How much time can you take off before your unicycling skills start to deteriorate?

From my experience, the core skills remain, but the “polish” may need shining up. Depending on how long you had been doing the “dulled” skills, it may take a little bit of time or a lot to put back the polish. Fitness, on the other hand, is only there if you’ve been doing other activities to take its place. For instance, If I’ve been doing all Road riding for a long time, and little to no Muni, long Muni rides usually beat me up pretty good. And that’s with plenty of hills in the Road riding. Fitness, but not skill.

30 years ago I was the World Freestyle Champion (Unicon II, III and IV), and performing on a regular basis. I could do my “show” Freestyle routine with the flu, or on really difficult surfaces. Those skills were solidly ingrained. But then, over the years I did Freestyle (and shows) less and less. In recent years I have had less and less opportunities to ride in gymnasiums so those skills have faded.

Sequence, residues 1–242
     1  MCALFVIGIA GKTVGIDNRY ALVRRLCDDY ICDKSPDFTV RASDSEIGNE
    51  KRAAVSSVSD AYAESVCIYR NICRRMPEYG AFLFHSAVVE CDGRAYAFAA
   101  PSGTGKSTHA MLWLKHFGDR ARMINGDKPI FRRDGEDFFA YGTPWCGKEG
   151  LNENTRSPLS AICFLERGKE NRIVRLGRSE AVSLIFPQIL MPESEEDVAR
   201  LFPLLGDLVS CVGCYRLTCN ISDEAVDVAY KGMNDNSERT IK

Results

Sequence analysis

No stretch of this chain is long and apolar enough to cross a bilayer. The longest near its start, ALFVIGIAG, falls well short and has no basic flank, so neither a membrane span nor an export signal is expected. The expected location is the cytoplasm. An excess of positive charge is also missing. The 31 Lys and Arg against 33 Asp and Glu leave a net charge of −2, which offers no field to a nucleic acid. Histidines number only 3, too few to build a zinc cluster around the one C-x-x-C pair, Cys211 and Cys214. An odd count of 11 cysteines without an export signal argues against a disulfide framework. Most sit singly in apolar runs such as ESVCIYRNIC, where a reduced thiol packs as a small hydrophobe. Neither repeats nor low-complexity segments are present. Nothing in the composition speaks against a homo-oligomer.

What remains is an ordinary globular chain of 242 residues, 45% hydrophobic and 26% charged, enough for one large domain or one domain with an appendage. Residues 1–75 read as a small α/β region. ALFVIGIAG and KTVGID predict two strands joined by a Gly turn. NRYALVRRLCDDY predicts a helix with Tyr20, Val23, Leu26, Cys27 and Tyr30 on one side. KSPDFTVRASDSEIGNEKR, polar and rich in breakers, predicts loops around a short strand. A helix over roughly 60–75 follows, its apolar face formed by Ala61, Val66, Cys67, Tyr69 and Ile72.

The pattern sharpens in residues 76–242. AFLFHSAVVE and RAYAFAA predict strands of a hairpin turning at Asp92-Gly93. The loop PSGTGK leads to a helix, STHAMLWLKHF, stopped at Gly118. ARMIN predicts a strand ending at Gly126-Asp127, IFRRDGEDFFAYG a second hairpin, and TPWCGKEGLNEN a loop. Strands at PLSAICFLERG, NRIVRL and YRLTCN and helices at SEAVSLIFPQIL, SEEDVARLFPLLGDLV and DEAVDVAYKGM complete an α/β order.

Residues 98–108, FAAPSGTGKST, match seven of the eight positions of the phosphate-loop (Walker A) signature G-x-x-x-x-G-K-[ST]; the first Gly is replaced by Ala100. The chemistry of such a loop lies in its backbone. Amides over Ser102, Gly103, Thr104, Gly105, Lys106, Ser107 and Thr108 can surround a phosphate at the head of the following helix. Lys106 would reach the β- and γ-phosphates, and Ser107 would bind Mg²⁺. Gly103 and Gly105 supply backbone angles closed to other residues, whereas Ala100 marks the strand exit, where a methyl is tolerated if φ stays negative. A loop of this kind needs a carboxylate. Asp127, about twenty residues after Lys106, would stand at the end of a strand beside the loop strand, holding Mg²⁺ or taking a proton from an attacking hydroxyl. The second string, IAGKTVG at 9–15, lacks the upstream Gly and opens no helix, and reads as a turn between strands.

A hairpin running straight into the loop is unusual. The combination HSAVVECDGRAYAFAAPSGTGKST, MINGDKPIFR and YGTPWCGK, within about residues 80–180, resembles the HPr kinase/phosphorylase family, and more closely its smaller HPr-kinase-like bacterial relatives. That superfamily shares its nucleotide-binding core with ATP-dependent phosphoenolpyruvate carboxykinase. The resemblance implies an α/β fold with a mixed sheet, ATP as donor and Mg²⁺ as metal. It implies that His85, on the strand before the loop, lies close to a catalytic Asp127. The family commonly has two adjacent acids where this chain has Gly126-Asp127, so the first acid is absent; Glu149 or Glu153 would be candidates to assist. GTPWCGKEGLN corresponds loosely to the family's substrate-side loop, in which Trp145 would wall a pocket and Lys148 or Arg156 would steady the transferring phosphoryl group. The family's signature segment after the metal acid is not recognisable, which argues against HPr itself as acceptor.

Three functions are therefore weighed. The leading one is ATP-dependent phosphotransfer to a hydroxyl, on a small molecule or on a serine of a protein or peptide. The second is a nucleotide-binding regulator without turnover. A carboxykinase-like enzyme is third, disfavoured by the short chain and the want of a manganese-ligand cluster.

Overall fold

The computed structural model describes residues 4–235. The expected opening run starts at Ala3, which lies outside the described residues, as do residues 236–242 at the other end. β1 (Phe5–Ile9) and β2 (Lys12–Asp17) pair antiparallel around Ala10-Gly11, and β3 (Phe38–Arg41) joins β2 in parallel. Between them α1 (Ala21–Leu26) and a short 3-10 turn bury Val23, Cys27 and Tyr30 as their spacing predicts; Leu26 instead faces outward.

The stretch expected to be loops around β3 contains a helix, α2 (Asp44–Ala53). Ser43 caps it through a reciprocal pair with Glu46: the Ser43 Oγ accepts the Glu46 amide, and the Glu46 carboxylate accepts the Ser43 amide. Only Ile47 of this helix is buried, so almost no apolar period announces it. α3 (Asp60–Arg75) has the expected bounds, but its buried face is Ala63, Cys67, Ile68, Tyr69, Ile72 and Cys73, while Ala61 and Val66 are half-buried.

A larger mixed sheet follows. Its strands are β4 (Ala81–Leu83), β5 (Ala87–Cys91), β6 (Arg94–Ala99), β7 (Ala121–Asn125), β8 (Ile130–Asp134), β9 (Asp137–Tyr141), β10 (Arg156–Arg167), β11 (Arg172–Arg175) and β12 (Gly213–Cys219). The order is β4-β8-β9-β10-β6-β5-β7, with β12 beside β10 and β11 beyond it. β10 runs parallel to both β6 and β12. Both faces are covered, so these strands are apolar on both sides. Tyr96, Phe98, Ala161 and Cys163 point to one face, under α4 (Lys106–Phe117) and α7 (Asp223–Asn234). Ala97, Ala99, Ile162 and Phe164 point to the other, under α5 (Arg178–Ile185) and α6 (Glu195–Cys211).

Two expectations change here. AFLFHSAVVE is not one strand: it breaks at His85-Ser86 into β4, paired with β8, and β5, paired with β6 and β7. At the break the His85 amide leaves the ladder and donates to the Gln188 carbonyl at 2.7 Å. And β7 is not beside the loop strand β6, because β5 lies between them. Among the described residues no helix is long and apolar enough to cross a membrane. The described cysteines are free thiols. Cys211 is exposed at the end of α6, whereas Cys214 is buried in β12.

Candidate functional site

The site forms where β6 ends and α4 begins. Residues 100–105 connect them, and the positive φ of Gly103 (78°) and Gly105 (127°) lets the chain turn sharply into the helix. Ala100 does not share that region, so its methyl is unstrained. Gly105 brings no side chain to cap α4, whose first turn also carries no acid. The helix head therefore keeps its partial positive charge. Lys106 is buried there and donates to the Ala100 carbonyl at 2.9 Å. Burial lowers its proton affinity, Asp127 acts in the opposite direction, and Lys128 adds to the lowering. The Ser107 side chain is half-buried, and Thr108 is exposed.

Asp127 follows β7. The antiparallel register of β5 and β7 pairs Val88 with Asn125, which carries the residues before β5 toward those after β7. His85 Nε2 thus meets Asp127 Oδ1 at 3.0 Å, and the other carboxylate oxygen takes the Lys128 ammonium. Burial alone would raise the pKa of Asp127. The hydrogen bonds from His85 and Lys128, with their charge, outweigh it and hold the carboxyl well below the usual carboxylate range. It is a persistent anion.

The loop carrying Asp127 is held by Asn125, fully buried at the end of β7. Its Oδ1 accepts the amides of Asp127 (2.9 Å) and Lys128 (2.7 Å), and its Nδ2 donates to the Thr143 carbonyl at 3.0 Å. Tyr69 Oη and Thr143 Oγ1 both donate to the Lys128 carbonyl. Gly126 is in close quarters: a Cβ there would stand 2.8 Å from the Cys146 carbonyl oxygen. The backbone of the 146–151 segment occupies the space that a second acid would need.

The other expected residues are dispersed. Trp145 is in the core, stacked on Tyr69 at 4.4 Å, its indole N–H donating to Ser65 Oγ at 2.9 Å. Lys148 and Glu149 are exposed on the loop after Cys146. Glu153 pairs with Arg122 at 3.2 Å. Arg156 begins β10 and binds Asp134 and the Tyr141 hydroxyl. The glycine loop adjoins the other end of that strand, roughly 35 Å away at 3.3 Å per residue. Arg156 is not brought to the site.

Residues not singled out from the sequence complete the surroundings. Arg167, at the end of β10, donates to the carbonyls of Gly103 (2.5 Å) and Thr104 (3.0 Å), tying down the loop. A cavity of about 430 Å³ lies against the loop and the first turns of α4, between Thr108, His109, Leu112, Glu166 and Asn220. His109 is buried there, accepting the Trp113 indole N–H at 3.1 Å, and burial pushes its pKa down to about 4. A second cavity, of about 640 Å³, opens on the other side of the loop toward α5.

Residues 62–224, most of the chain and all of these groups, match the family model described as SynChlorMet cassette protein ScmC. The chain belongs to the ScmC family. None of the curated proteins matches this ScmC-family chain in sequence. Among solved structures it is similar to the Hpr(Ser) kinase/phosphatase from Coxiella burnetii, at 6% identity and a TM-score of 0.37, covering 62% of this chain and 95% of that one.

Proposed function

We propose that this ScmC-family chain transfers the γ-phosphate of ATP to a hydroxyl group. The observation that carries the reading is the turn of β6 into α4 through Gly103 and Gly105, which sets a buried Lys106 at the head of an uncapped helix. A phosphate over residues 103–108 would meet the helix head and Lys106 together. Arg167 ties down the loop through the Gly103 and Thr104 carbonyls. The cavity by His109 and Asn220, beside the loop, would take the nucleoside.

For example, at Unicon IV we had a Compulsory “tricks” event you had to do along with your Freestyle or Standard Skill competition event. The hardest of the four versions including doing 8s backward one-footed, with each foot. I practiced it enough that I could be reasonably ready to do it in one try, under competition pressure. The other day, I was in a big room with a smooth floor. One-foot figure 8s, no problem. Backwards one-foot, sloppy but doable. I did not try the other foot. I think I can do the backwards with my left foot, but getting the 8 back would definitely take some work.